We ordered an appetizer of crab and cheese wontons. My husband order Beef Pho, a Vietnamese noodle soup. The garnishes of fresh Thai basil, bean sprouts, jalapeños, and lime on the side really added to the flavor of the soup. This a great dish for warming up during the winter months in Estes Park. This restaurant also serves a variety of curry dishes and traditional entrees like Cashew Nut Chicken and Pad Thai. The restaurant is located at 255 W Riverside Drive. Cafe de Pho Thai earns the top spot for favorite Asian Restaurant in town on TripAdvisor.com.
The first time we ate at China Garden (a few years ago), we were a little disappointed with the General Chicken dish. I’m glad we’ve given this restaurant another chance because we’ve ordered several delicious dishes including the Tropical Fried Rice, Penang Curry, and Drunken Noodles.
China Garden is located at 460 W Riverside Drive next door to Rock Cut Brewing Company. According to the brewery’s website, ‘China Garden shares our patio! Check out their menu, then call 970-586-2488 to place your order with Li, the owner. We love the Mongolian chicken, hot & sour soup, and veggie egg rolls.’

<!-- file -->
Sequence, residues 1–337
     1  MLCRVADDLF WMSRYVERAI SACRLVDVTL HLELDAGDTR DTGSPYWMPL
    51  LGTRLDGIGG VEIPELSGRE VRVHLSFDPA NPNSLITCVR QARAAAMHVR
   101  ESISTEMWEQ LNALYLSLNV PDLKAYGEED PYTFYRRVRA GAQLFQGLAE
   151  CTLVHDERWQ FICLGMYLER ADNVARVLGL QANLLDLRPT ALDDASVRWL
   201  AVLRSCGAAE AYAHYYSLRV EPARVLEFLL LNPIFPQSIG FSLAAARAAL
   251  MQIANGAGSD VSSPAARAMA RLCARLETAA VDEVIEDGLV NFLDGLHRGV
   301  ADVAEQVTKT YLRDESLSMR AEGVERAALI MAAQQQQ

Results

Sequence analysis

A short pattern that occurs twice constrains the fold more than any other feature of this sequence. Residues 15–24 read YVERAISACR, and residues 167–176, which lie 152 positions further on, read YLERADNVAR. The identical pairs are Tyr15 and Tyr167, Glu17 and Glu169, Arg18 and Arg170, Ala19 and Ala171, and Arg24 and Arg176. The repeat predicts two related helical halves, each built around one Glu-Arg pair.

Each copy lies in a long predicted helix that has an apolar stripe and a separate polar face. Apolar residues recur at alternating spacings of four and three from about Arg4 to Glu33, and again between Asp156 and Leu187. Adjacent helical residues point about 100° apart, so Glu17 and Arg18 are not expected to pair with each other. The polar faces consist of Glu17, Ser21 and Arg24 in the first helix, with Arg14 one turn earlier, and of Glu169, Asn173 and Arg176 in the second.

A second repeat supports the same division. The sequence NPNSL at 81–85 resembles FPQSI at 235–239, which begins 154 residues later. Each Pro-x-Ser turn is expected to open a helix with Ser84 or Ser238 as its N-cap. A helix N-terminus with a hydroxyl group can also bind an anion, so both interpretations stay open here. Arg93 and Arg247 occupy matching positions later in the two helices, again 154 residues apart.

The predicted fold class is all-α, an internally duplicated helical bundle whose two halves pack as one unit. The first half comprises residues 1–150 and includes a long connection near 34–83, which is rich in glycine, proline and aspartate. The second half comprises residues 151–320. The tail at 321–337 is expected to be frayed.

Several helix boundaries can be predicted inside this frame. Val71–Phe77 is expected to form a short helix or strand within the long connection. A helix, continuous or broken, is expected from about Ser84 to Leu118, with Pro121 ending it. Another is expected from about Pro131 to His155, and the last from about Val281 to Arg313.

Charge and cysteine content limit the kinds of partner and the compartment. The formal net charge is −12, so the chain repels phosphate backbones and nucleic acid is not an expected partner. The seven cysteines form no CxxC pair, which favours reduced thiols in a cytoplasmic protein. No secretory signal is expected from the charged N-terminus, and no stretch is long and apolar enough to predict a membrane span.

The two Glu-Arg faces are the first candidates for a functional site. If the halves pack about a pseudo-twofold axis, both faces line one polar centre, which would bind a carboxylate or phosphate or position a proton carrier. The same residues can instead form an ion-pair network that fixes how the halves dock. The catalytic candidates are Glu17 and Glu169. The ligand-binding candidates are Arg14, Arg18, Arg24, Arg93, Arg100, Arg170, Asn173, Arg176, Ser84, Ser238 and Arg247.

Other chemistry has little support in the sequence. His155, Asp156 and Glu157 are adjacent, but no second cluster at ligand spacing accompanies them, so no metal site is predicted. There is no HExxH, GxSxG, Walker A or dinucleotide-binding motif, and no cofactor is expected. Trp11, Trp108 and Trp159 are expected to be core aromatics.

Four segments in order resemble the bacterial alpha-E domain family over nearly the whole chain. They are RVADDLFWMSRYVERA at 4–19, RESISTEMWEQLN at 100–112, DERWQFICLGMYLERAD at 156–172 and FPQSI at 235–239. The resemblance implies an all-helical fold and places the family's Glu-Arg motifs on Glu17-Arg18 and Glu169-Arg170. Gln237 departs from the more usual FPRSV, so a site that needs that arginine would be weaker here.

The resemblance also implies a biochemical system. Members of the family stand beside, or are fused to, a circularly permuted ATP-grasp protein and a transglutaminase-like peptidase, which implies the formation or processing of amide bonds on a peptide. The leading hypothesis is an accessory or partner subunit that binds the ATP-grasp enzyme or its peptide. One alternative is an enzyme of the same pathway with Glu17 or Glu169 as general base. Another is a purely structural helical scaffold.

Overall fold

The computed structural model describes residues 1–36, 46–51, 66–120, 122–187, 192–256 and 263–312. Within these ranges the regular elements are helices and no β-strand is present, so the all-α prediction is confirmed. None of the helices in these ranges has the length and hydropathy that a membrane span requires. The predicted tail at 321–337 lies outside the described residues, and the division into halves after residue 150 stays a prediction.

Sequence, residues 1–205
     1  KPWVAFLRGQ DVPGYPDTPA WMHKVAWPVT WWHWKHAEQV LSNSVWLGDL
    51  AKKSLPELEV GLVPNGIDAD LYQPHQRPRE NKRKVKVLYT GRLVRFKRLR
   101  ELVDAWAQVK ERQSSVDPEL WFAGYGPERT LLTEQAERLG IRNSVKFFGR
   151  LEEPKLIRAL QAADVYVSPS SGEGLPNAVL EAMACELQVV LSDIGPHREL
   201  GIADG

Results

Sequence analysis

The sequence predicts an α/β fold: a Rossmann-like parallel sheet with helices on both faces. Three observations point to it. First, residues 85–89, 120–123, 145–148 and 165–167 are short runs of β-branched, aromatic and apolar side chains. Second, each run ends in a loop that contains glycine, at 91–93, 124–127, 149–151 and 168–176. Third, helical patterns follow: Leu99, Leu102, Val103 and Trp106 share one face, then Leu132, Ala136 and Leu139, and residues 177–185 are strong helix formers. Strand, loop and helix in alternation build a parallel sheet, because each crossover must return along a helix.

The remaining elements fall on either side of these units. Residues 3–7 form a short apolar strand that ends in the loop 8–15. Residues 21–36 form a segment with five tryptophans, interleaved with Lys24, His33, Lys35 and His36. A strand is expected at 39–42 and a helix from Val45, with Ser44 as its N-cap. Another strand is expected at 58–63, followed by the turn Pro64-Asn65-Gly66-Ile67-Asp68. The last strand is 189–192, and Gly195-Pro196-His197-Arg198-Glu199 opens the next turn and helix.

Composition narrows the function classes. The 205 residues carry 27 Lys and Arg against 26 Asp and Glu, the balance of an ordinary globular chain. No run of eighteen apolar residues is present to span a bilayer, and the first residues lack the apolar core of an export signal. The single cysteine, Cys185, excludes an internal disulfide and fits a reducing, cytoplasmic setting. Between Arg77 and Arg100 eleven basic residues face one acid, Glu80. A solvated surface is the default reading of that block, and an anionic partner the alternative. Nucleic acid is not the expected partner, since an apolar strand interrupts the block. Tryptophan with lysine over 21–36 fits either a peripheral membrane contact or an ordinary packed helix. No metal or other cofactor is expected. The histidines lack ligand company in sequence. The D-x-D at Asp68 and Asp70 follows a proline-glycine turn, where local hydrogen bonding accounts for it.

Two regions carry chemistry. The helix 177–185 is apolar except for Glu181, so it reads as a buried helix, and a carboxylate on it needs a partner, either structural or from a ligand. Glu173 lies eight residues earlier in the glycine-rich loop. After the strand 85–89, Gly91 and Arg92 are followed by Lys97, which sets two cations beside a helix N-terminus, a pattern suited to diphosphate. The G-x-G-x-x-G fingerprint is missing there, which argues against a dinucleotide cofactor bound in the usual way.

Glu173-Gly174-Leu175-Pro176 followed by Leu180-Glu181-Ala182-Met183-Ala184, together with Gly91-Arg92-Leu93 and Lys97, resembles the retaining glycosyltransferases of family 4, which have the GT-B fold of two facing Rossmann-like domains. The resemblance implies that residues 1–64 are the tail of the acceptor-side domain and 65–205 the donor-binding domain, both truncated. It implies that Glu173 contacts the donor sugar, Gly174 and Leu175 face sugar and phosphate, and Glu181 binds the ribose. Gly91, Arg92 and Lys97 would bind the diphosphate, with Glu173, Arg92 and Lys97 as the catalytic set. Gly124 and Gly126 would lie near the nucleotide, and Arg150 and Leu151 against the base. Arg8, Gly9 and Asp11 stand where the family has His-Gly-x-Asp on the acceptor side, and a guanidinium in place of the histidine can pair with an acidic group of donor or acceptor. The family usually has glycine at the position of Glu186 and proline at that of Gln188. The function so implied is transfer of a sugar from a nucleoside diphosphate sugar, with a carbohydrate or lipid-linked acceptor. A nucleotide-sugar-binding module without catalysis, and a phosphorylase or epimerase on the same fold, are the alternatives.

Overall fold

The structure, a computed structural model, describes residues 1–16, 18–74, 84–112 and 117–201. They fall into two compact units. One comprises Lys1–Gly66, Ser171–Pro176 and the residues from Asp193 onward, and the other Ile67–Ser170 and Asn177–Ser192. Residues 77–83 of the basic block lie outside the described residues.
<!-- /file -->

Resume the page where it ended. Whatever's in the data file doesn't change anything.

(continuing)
Himalayan Curry & Kebob
Our original plan was to go to Oppa Asian Bistro, but the restaurant wasn’t open on the day we planned to go. Oppa is a restaurant we’ve enjoyed several times before, so I’m glad it worked out that we ended up searching for a new spot in town. We decided to try Himalayan Curry & Kebob. They serve traditional Nepalese & Indian dishes. According to their restaurant, this food is ‘Typically meat and vegetables cooked in a sauce made from scratch full of strong, aromatic spices packed with health benefits and also delicious, served with rice.’
I ordered a Chai Tea and Chicken Tikka Masala. My husband ordered a Chicken Kebob. All the dishes are spiced according to your preference ranging from mild to extra hot. Everything was amazing – the flavors were unique and memorable. I can’t wait to go back. Himalayan Curry and Kebob is located at 101 W Elkhorn Avenue. Check out their menu online.
Standing under the evergreens on our snowy hike up to Nymph Lake in Rocky Mountain National Park filled my heart with gratitude and relief. Just a few months ago, we were anxiously watching the news and hoping that the wildfires would be contained. Although the damage was substantial, thanks to the incredible effort by firefighters (and perhaps some good luck and answered prayers), Rocky Mountain National Park is open and beautiful.